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Housing market drawing shady operators



Jesse Nelson was stoked at the prospect of having a place to live in Whistler for the Olympics.

But that was before he found out the place he wanted was just a front for a Nigerian fraudster already implicated in a puppy-fraud scheme.

Nelson, a self-titled “Office Ninja” with Whistler’s Camp of Champions, first came to the community in October to do a work term while studying ski resort operations and management at Selkirk College in Nelson, B.C.

“It’s the place to be for the industry,” he said of Whistler. “I just had to come out and find out for myself and I fell in love with this place.”

Before starting a work term as a snowmaker for Whistler-Blackcomb, Nelson and a lifelong friend didn’t want to live in staff housing. They spent two months looking for accommodation prior to moving to Whistler and soon discovered the perils of finding a place to live in the community.

“We were looking for big or small places, shared or single rooms,” he said. “When it came down to it, it was just too close to moving day and I had to go into staff housing.”

Nelson lived there until January, later moving into a shared room with a friend in the Whistler Cay neighbourhood. He’s now hoping to find something new before Sept. 1.

His search took him to the classified pages of Pique and the Whistler Question , but neither yielded the results he was looking for. It wasn’t until he went to the Craigslist website that he started making progress in his search for a new home.

“I was checking the daily classifieds on the Pique website every day, several times a day, same as Craigslist,” Nelson said. “I was checking it out probably every half hour that day.”

Eventually he landed upon a Craigslist posting for a three-bedroom suite, with bathrooms and utilities included, at Whistler Creek Lodge for $2,200 a month.

Thinking he had hit the jackpot, Nelson contacted the landlords right away. He soon got in touch with a man named Kim Craig, a self-described “Christian” who would be away in Nigeria for two years to complete some missionary work.

After exchanging a few e-mails, the owner directed all contact to his wife, Lane Cheryl Craig, a woman who lived in Miami. The owners were willing to lease the home for two years, an agreement that would give Nelson a home through the Olympics.

“I thought, wow, that's really cool, a place for the Olympics,” he said. “I think everybody in Whistler is worried about accommodation during the Olympics.”

After going through a screening process via e-mail, the home was offered to Nelson and a friend. He agreed to a lease to the end of April 2009, with an option to negotiate to the end of April 2010.

But there was one problem — he was told the keys were in Miami and no one was in Whistler to show him the suite. Nelson was told he’d get the keys and lease documents only after paying for one month’s rent.

The owners would only accept payment via a Western Union money gram sent to Lucas Y. Adeyemo, Kim Craig’s assistant in Sango Ota, Nigeria.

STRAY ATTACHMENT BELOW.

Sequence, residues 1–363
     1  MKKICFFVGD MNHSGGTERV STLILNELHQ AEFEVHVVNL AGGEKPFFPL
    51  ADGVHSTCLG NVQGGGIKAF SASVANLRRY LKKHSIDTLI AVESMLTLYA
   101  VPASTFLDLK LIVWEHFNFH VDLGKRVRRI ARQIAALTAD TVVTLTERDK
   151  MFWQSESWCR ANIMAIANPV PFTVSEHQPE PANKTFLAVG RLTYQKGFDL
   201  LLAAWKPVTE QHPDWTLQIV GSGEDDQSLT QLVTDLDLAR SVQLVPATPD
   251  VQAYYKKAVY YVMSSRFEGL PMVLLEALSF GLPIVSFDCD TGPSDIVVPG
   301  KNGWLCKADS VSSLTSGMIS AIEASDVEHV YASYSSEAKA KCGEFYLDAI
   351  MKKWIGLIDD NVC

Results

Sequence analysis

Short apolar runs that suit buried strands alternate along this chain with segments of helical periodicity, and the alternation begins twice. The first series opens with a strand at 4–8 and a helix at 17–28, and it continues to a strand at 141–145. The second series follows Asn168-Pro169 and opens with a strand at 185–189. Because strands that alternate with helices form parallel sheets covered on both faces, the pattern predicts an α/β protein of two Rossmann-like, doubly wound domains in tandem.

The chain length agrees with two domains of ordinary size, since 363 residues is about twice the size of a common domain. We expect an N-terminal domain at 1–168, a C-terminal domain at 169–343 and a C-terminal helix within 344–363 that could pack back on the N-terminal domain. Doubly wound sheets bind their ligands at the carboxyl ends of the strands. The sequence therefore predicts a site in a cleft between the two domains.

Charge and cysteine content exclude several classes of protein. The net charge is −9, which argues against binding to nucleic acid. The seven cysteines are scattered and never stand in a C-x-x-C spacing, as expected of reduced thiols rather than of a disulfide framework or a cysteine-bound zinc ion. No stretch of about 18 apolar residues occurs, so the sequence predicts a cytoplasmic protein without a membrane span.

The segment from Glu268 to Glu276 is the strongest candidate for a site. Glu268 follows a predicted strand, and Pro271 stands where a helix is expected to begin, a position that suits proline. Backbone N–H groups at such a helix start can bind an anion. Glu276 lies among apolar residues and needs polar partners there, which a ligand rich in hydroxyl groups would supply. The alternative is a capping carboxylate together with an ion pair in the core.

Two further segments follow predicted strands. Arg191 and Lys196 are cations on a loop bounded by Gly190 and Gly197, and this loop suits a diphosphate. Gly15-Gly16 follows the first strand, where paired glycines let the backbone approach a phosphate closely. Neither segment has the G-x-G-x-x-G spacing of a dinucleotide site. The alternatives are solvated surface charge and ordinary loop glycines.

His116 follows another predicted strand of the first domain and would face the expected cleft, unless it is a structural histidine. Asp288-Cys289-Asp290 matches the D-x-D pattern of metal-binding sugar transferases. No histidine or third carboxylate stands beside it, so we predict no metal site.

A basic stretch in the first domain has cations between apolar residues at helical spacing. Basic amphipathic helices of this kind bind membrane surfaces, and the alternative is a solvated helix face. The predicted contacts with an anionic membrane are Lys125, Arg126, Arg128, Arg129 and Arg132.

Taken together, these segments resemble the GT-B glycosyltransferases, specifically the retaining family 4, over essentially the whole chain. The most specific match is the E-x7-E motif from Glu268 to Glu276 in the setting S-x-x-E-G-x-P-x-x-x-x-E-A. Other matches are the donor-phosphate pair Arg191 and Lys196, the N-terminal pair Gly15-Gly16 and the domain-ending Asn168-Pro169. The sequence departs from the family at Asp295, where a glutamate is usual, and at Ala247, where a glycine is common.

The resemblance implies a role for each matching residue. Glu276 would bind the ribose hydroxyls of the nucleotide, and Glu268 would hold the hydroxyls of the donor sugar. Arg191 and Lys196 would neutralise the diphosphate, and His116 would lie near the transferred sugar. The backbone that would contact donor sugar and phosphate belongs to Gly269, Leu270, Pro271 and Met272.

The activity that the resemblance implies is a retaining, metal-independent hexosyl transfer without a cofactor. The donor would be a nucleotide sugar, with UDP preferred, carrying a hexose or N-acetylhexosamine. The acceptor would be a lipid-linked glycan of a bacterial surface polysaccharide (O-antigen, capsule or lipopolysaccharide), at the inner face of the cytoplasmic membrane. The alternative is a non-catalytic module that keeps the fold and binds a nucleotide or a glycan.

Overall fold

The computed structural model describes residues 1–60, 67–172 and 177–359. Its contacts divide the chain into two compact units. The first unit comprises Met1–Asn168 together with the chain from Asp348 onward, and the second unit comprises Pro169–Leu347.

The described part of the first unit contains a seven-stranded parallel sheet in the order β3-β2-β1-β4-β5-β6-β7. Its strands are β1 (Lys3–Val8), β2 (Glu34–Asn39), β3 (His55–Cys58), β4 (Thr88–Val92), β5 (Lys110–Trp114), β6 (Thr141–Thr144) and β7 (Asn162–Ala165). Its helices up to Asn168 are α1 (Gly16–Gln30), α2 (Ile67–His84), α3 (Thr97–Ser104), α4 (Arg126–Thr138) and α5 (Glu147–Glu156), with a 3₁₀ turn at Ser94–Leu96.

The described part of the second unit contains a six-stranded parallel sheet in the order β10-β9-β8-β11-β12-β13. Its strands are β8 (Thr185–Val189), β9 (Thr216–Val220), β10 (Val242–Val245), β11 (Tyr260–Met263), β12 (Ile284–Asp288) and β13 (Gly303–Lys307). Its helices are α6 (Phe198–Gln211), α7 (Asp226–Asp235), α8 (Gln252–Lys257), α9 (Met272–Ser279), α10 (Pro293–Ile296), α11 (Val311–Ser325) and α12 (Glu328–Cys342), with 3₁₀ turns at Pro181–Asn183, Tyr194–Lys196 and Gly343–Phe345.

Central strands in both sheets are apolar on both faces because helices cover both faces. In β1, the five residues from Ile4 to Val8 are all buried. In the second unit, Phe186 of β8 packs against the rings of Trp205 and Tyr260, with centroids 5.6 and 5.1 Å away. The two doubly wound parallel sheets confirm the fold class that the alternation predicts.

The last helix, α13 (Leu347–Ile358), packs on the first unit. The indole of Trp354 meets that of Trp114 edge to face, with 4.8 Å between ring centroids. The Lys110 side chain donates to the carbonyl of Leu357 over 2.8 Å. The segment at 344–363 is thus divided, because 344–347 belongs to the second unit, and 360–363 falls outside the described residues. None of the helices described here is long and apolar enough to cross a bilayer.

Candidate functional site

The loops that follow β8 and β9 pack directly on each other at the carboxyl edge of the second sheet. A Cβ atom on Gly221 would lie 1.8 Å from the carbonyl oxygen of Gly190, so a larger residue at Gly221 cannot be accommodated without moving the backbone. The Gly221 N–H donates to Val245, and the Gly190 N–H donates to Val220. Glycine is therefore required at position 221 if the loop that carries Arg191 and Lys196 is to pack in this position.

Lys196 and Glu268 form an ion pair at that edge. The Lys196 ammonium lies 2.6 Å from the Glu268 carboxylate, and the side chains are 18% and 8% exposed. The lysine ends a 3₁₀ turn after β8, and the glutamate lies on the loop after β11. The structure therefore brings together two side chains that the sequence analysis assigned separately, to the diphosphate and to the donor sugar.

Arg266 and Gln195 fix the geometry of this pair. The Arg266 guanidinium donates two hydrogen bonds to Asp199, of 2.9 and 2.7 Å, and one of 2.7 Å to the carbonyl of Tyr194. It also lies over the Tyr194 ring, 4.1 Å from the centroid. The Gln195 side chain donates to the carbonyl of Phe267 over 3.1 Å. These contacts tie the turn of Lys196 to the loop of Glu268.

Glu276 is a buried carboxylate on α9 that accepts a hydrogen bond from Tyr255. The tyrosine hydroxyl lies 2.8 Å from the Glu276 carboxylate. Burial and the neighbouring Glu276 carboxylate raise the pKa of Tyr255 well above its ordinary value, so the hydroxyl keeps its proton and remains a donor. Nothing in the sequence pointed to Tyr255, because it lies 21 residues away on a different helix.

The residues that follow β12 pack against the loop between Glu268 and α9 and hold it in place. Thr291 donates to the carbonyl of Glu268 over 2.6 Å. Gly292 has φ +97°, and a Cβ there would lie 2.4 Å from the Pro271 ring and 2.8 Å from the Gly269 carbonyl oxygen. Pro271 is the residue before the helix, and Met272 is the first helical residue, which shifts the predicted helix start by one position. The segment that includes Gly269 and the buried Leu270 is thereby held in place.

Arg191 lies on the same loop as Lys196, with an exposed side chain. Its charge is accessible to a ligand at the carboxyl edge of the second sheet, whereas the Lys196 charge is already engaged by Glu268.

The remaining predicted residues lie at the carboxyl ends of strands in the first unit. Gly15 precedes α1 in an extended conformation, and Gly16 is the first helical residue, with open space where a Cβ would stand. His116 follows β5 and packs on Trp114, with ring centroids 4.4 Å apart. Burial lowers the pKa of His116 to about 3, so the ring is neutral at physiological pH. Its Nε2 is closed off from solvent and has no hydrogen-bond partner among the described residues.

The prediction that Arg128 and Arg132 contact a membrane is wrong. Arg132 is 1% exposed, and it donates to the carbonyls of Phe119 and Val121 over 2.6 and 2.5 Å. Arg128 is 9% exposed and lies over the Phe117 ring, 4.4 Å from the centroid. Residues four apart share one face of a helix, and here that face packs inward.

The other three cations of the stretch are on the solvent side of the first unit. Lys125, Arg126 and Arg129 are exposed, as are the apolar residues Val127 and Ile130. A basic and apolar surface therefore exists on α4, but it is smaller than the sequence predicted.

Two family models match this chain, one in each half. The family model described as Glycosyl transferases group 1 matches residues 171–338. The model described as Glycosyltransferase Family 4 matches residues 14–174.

It was here that things started getting murky.

“The more communication that there was between us, the more skeptical I was about the situation,” Nelson said.

When he contacted Kim Craig in Nigeria he said he was not comfortable with sending money to his assistant. He was thereafter directed to talk to his lawyer, a man named Richardson Moller, in the UK.  

“Everybody was spaced all over the world and it was just sounding worse each time I was talking to them,” he said.

It wasn’t until the week of Aug. 4, a week after first making contact with the owners, that he got Lane Craig’s phone number in Miami. He phoned her once and she said that she was having difficulty receiving international calls.

He then called her again and said, “Hi, this is Jesse from Whistler.” She hung up on him.

A Google search of Adeyemo’s name shows that a man of the same name, also from Nigeria, was implicated in a dog-selling scheme, according to an article in the Tri City Herald, a newspaper serving the Kennewick, Pasco and Richland communities in Washington state.

The article states that Adeyemo had offered up an 11-year-old English bulldog for free in a classified listing, but later asked for $300 to pay for shipping to the nearest airport.

On Aug. 8, Nelson received an e-mail from Moller, Craig’s attorney, with a lease agreement enclosed. The document was written in green, red, blue and black fonts and asked for $2,200 up front as the first month’s rent and a “good sign of seriousness.”

Nelson provided Moller’s phone number to Pique . When contacted at the number that was provided and asked if he was Richardson Moller, the person on the other end of the line hung up.

Nelson also provided Lane Craig’s number in Miami. When asked to hand the phone to Lane Cheryl Craig, the person on the other end of the line said, “No, you have the wrong number” and hung up. She did this again when contacted by Pique a second time.

Nelson has filed a police report with the Whistler RCMP but doesn’t expect much to come of it because he hasn’t put any payment through to the Craigs or to Adeyemo.

Staff Sergeant Steve Leclair with the Whistler RCMP said there’s plenty that officers can do to investigate instances of rental fraud, though he said it’s often a question of money.

“If it’s a widespread-type fraud, if somebody is benefiting in Canada, we’d certainly go after the Canadian party,” he said. “But if it’s somebody in another country, we’d have to weigh the public interest.

“We’re not going to spend $100,000 on an international investigation of a $2,200 theft in Canada.”

Leclair added that, being a Whistler resident himself, he is personally aware of the community’s rental market and has heard “anecdotally” about rental fraud. But he also said that he exercises caution when renting and asks others to do the same.